Tomato Growing Notes

(in days)
First Harvest
Moneymaker5th Mar 20248+
Gardener’s Delight5th Mar 20247
Rubyliscious F15th Mar 20244
Crimson Crush F15th Mar 20246
Lizzano F15th Mar 20245
Lucid Gem5th Mar 20247
Ozark Sunrise5th Mar 20247
Pink Berkeley Tie Dye5th Mar 20246
Amethyst Jewel5th Mar 20247
Rebel Starfighter Prime5th Mar 20248+
Purple Sunrise (wildcard)5th Mar 20247
Heinz 1350 (wildcard)5th Mar 20245

Tomato Diary


This will be our fourth year in the garden and therefore the fourth year growing tomatoes, and I finally think we have a set-up that is going to work for us and our space. After experimenting with growing tomatoes in raised beds, buckets, tomato pots and planters, the large triangular pots are what seem to work best in the exposed, windy garden.

Growing the tomatoes in beds makes them difficult to access, and the buckets, tomato pots and other planters are always caught by the wind, and require staking to the grass by angled canes, which makes the area impossible to mow or pass by easily.

I’ve chosen ten varieties of tomato to sow, plus two wildcard varieties in case I get any difficulties in germination. Unlike previous years where I have sown all open pollinated or heirloom varieties, I have gone for a few F1 varieties this year. Partly this came about because I was curious as to whether they’d offer any benefits in the practicalities of growing in the garden, but also because I am reading The Wizard And The Prophet, a book which looks at environmentalism through the dual lens of a conservator and an innovator. I see a lot of Instagram influencers disagree with F1 seeds as the bogeyman choice, and certainly they do have drawbacks, but as I have picked up some cheap seeds (89p per packet from Dobies, not Dobbies, which I have only just realised are two distinct stores) I am going to give them a go and make up my own mind.

March, Week 1

I’ve sown all of my planned tomato seeds for the year. I’ve sown two silicone based module cells of each variety, with two seeds in each cell. I’ll thin each cell to the strongest seedling before potting on the strongest plant from each (and check with Ma if she requires any of the others before I dispose of them). Seeds are on the landing windowsill on a heat mat set to 20℃.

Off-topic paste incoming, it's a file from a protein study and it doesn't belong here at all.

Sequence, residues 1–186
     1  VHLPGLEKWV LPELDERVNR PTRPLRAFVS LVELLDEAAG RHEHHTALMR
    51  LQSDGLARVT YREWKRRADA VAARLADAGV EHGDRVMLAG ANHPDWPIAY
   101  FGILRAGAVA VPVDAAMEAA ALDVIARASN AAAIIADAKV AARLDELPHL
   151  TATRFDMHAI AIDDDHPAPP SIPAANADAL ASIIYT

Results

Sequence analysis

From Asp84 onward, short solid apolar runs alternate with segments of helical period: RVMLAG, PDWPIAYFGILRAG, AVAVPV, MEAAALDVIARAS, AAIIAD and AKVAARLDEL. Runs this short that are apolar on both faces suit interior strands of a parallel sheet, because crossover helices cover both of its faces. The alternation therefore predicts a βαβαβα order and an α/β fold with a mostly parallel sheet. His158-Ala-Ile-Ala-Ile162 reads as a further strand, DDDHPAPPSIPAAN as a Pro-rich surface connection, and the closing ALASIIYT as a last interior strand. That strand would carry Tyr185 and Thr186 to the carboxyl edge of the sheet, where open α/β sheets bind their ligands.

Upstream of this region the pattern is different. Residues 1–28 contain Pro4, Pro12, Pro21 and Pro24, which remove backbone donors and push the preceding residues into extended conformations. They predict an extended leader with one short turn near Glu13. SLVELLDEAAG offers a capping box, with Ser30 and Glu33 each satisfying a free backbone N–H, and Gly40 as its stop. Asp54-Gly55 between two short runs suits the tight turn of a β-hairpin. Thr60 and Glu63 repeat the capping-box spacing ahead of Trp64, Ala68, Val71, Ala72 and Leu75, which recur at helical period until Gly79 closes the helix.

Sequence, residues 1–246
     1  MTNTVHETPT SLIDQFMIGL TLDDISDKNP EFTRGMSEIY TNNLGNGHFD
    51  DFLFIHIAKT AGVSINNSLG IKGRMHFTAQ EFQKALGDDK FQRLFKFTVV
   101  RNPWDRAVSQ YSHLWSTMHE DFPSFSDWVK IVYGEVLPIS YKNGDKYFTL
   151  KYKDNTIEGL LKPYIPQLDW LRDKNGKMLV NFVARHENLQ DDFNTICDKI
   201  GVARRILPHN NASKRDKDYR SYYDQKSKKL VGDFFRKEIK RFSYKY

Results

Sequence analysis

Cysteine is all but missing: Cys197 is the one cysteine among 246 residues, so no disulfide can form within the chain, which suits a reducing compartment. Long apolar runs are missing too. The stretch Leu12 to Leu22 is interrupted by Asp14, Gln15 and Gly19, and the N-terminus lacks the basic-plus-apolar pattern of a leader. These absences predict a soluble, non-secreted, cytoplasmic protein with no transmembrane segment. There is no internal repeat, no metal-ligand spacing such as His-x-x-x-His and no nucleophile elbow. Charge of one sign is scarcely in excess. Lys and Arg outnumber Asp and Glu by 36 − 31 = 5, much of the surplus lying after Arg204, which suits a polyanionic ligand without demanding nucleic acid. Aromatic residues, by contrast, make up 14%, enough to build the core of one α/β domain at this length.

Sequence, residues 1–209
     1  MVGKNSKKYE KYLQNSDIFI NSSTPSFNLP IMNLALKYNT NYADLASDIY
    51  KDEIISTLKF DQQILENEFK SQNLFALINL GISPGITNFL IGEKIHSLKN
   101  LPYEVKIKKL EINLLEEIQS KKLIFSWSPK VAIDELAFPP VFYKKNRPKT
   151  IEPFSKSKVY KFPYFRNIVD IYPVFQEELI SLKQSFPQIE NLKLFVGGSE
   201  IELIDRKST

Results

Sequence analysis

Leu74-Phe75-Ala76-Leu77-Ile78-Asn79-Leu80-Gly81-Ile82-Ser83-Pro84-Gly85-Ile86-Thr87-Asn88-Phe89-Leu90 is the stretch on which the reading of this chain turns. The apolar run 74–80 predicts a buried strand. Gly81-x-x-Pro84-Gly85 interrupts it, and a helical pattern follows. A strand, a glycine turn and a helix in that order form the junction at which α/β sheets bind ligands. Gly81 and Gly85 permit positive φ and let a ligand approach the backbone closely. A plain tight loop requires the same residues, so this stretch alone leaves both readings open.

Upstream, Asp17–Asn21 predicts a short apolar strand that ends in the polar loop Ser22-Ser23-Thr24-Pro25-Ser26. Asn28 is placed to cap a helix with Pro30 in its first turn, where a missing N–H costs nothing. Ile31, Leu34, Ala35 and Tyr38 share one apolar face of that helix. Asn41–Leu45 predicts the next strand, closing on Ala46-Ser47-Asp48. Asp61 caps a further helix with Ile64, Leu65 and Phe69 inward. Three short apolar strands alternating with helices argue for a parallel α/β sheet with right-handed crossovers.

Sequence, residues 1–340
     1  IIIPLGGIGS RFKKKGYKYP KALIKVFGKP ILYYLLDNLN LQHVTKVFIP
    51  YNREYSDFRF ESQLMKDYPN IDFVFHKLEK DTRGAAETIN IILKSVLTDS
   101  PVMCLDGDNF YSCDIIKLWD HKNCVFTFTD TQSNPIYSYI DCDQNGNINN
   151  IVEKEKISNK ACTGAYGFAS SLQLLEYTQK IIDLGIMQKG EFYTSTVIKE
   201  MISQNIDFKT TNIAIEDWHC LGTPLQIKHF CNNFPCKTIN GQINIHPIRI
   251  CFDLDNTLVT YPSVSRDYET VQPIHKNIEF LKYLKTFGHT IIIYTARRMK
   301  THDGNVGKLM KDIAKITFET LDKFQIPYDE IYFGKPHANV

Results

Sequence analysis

April, Week 1

The tomato seedlings have been under the lights and on the heat mats since germination, but they do not look happy and the leaves are almost pure black on the majority of the tiny seedlings. True leaves are starting to appear on many of them, and the plants themselves are not leggy nor drooping, but they are beyond purple and into something far more unhealthy looking. I do not know if they are receiving too much artificial light, or if they are undernourished or too cold, especially on the draughty craft room windowsill at night.

I have potted the strongest seedling of each of the main varieties into some fresh, sieved compost. If I had thought a bit sharper I would have added some vermiculite into the mix. I’ve potted them into the spring-bottomed Clever Pots as a nice size that will make subsequent potting on easy enough. I’ve moved the seedlings downstairs (both the potted up ones and the ones still in modules, thinned to one per cell as an insurance policy) so they can sit on the Living Room windowsill in the day time and be moved further into the living room at night. The seedlings (even the ones that are still in cells) are looking a little happier after two days and hopefully will recover. The more ‘popular’ and F1 varieties are looking stronger and healthier than the modern open-pollinated fancy types at this stage, some of which are still the darker seedlings of the selection.

Before and after (2 days)